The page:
Wednesday, May 10, 2006

Never Dull

A few weeks ago a patient turned south without warning. We'd been doing pretty well together, I thought, with some ups and downs. He's a very powerfully-built guy, but I hadn't had particular concern about my safety around him. Then one morning he wanted to talk, and we (along with an older male nurse) went and sat down in a small room off the unit. Almost instantly I realized I'd made a mistake-- he was glaring, his jaw rippled with tension, and his knuckles were white while his figners drummed the edge of his chair. He demanded unsupervised time out of the hospital. He told me I needed to give him a specific medication. He wanted extra cigarettes. He told me my name was not Dr. Turbo, he'd found out, and I knew damn good and well what he was talking about. He told me I was purposefully trying to poison him with Medication A, and that his liver and kidney were rotting due to my deceit. Was I afraid of him, he wanted to know? Hmm? I talked, stalled, tried to compromise, reason, soothe, use non-threatening body language-- but everything I said and did seemed to have diabolical, hidden meaning that made him even angrier. He moved to the edge of his seat. Several times, I imagined the attack that seemed almost inevitable-- a leap across the tiny room, a fist towards my head, maybe I'd be fast enough to slide out of the chair and get my clipboard in front of my face. Maybe the nurse would be able to grab one arm. Would other staff be able to get through the locked doors into the little chamber before we got pulverized?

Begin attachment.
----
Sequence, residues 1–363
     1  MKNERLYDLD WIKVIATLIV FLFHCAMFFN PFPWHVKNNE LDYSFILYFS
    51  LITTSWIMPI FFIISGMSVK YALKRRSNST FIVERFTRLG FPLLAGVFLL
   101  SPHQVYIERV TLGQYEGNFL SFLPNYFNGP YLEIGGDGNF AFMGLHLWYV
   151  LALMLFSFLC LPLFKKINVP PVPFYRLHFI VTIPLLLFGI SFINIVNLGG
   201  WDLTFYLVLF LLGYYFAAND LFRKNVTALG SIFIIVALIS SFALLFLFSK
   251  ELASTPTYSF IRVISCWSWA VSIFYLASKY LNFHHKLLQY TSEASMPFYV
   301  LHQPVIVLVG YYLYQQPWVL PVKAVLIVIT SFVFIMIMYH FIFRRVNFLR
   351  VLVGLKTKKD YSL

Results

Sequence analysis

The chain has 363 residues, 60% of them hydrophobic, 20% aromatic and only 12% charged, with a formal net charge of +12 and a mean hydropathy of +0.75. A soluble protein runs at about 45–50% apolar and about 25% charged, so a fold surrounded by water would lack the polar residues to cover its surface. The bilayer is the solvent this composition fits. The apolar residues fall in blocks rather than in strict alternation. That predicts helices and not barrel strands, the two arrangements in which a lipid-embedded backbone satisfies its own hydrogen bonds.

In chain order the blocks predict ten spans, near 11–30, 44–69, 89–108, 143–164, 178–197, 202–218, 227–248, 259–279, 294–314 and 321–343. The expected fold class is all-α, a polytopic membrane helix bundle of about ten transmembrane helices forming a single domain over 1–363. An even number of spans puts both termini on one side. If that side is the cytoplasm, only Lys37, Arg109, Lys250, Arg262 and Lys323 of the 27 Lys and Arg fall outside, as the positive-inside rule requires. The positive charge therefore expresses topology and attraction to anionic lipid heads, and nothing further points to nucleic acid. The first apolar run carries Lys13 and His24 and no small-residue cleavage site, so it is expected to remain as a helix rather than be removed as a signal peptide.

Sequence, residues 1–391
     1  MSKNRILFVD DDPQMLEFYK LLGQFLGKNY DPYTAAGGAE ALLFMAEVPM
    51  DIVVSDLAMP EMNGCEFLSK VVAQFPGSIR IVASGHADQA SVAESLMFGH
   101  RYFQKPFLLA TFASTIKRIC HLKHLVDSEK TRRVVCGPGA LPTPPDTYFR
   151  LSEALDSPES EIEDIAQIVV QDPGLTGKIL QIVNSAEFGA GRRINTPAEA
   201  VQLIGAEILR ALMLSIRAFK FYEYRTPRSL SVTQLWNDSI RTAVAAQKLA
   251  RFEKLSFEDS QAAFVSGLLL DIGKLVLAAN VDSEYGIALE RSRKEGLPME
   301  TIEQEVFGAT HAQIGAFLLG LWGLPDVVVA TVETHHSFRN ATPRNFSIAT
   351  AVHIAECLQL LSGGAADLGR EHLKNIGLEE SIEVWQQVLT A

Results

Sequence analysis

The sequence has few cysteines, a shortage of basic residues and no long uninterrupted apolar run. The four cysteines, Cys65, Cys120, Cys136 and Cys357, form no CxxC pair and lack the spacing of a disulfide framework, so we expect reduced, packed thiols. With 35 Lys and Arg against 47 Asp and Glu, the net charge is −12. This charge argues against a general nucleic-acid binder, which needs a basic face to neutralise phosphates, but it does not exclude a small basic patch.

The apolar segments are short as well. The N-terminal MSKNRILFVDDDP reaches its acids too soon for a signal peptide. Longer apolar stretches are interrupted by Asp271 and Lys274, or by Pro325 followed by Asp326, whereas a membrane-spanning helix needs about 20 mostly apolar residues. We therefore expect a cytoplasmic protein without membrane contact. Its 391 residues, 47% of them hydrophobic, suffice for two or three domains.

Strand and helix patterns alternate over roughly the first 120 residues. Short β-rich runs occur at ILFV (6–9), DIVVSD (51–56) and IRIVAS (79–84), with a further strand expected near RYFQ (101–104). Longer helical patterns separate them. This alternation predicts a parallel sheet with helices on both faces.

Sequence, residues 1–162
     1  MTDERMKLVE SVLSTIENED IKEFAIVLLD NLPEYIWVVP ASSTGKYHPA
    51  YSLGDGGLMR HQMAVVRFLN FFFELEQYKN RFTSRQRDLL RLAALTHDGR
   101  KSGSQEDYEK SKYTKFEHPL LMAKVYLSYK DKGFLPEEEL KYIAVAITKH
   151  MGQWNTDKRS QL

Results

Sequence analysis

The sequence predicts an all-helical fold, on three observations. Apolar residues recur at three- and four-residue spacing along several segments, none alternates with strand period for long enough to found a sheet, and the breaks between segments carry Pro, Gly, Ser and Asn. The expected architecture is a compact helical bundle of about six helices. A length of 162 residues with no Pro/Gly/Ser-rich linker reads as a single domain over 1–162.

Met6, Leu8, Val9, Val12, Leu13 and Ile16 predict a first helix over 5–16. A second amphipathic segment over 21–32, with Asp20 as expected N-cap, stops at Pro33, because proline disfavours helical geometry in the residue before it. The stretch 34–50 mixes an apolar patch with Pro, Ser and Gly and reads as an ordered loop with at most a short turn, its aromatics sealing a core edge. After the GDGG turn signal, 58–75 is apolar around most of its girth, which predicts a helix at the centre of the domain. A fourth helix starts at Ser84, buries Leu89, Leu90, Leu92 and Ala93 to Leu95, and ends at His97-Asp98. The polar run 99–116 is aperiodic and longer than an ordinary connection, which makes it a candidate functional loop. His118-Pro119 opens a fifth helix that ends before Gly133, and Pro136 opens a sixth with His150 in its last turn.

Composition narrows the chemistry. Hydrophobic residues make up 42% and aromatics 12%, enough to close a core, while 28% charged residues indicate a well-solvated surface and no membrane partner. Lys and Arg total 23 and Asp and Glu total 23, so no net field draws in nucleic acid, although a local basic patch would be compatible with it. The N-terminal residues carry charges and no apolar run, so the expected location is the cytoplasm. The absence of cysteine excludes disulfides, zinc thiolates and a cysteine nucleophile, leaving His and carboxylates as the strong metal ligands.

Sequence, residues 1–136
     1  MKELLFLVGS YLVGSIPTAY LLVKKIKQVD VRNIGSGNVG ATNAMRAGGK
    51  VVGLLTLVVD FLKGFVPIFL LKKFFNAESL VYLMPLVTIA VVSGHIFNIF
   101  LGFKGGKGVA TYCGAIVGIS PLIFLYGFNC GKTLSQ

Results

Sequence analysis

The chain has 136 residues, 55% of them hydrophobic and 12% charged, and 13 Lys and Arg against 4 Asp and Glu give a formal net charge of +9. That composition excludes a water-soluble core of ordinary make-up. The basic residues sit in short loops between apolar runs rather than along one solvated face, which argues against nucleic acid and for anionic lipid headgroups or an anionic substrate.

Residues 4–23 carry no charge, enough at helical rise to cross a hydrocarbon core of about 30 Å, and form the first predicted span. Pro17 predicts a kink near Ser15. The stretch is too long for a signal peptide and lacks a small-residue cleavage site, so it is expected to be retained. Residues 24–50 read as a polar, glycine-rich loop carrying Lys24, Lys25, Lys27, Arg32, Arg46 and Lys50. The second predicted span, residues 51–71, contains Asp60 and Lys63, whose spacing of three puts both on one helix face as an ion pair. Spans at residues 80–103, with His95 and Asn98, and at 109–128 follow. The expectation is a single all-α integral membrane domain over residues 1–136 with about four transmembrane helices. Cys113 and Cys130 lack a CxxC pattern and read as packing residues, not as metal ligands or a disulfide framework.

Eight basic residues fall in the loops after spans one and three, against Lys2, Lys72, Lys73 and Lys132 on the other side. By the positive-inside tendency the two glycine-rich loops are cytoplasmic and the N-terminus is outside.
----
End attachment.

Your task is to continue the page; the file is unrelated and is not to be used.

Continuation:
There seemed to be a moment where he was distracted by a movement in the hallway, and I jumped up to open the door, saying "Let's head back to the unit." He tried to get behind me at the next door, but by making an elaborate motion of gentlemanly-ness (which included a half-bow that served as preparation to duck) I got him through first. Then, a long decompression back in my office.

Later he was transferred to a different ward. I saw him today at the snack machine. He smiled and reached out a huge paw. I looked in his eyes, saw trust, and took his hand. "Thanks Dr. Turbo," he said, "I'm doing a lot better. I'm going home tomorrow." We bought sodas. He shook my hand again. "Thanks again." Off he went. Not sure what the moral of the story is.


Anonymous hilllady said...

What strikes me about all these Green Acres posts is how quickly you have to react to personalities that change with the weather, all while maintaining at least the appearance of equilibrium. The normal standards of how you judge a person—by he behaves, especially toward you—don't hold. Or maybe they do, but you still have to look further. I wonder how many people in your profession can do that.

5/11/06, 12:14 PM  

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